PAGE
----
What an amazing time to be alive, isn’t it?
I was meditating last week and a little story popped into my mind. I was a soul not yet born into this body. I was looking down at the world with some kind of guide and the guide said, “Are you sure you want to be a human right now? During your lifetime there’s going to be a pandemic and it will be scary and sometimes tragic. The world will be forever changed. Plus, there won’t be much toilet paper.”
I can’t say for certain that this is how it works, but if it does then we all made this choice. I like to believe that I made the choice to jump in because I knew I would have the faculties and resources to manage whatever might happen, and to thrive and make a positive difference in others’ lives. I have a feeling that a part of you (maybe all of you) feels the same way – even if your mind tells you otherwise.
Unfortunately, it’s easy to lose sight of this core truth. Fear is contagious and it has a frequency which (especially when resisted) can be intensely jarring. After all, that’s its job. It’s the emotional mechanism of our survival instinct. It’s trying to convince you that the only thing that matters right now is security. But humans evolved the ability to experience these animalistic impulses without letting them control us. One way is to open our eyes and notice all that’s good in the world – all of the evidence that our mind’s irrational concerns are untrue. Here’s some good news that’s come about through this tumultuous period.
- There is greater appreciation for the working class. More than ever before, many are recognizing that these beautiful people – the grocery store clerks, the UPS drivers, the garbage collectors, the utility company technicians – are keeping our world running. Let’s show them our gratitude.
- There is a pause in the habit of filling ourselves up with stuff. Sure, we’re stocking up on beans and rice, but for lots of people who have a habit of shopping to self-soothe, this period has initiated a rare break. It’s a time when we’re prompted to make do with what we have. Perhaps to repair, instead of replacing, what can be fixed.
- The environment is healing. How else could we have gotten the whole world to drive less? In such a short period of time we’ve seen the canals of Venice become clear enough to see fish and dolphins swimming in them, and the cloud of pollution over China has mostly disappeared. These may be short lived miracles, but it’s important for the world to witness that the environment is resilient. When this pandemic runs its course, environmental issues will still be here, and hopefully this vivid display of the impact of human activities will inspire us to develop permanent solutions.
- Everyone is working together. The world has never been so united in a common cause. We’re seeing unprecedented stories of cooperation. In England, there was a call for National Health Service volunteers and over 400,000 people signed up in the first 24 hours.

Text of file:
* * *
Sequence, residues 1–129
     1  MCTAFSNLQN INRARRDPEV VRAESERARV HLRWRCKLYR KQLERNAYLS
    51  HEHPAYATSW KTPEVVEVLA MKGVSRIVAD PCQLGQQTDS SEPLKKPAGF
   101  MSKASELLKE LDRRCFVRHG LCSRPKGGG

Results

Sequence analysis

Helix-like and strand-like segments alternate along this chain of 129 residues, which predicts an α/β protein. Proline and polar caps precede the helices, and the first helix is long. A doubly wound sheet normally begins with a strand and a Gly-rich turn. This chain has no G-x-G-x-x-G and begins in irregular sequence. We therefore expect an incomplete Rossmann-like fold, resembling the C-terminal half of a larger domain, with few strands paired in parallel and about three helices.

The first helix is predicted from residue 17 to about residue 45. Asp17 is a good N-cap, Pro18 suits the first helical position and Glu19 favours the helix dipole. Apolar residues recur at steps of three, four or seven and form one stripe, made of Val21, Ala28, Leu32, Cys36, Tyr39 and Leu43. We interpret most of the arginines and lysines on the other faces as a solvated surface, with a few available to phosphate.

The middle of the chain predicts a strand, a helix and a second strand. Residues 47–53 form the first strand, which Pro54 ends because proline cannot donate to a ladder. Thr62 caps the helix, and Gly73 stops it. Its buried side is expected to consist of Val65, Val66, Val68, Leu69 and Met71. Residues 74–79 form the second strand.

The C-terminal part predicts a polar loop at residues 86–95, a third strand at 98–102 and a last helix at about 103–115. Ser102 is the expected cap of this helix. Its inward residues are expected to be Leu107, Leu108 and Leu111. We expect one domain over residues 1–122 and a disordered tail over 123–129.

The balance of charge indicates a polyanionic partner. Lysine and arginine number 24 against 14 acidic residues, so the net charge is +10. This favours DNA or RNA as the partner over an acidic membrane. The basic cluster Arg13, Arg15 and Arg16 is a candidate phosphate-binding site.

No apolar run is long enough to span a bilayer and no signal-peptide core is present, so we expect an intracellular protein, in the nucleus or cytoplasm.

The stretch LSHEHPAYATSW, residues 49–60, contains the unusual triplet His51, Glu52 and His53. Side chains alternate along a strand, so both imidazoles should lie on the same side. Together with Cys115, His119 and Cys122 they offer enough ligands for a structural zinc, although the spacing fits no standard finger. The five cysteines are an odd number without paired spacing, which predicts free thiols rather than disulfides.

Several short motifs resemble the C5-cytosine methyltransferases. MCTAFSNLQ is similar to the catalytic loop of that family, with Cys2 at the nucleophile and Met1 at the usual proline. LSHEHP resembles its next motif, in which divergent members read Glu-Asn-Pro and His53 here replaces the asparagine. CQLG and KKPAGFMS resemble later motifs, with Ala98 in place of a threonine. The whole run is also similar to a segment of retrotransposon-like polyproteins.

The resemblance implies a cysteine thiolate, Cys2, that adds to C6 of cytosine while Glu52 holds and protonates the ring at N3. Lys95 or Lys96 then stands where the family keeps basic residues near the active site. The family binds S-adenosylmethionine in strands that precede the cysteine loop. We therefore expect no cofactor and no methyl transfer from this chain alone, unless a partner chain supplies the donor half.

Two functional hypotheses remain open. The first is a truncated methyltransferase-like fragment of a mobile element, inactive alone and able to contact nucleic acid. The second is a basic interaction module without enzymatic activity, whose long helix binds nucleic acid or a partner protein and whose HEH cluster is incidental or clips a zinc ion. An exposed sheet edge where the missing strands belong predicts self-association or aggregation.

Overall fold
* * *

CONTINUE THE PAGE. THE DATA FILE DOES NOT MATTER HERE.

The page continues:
- We’re reminded of the value of our elders. Who could forget that line from Joni Mitchell’s Big Yellow Taxi (1970): “Don’t it always seem to go that you don’t know what you’ve got till it’s gone.” The threat of losing our senior citizens had helped the world recognize just how important they are. The young are helping the old. Stores are offering special hours for seniors only. This period has also highlighted how isolated many of our elders are, and it’s prompting a collective desire to honor them, to care for them better, and include them more.
- We’re recognizing the importance of community. The bigger and faster the world gets, the easier it is to feel disconnected. But social distancing has been a (sometimes painful) reminder of how much we need and value each other, and all sorts of novel ways of connecting have emerged from this crisis. We’ve seen virtual sing-alongs, virtual dinner parties, video chat board games, meetings in parks (maintaining six feet of distance) to make eye contact, tell jokes, and (non-contact) dance. People have been doing the “reach out and touch someone” thing with folks they haven’t been in contact with for years. We need each other.
- Unprecedented generosity. We’ve seen offerings of free products, free counseling, groceries, donations of medical supplies, sharing of toilet paper, help with yard work, and so many other ways in which people are stepping up to contribute.
- Teachers are getting the recognition they deserve. For all of the parents who are suddenly forced to home school their kids, there’s a mass awakening happening as to how hard it is to be a teacher and how much we depend on them, not just to educate our kids but to keep them safe, to hold space for them to develop and grow, and to create a healthy classroom culture for them to discover who they are and hone their gifts.
- We’re reminded of how many heroes there are. People everywhere are putting their health (perhaps their lives) on the line to serve others. Doctors, nurses, medical staff, caregivers of all kinds, receptionists, and everyone who continues to show up at jobs in essential businesses – these dedicated humans are putting the good of the community first and we should all be grateful for them.
We would love it if you’d share some good news in the comments below. What silver linings have you discovered? What’s beautiful in the world that’s being revealed in this crazy time?
Peter and Briana and Everyone at The Dragontree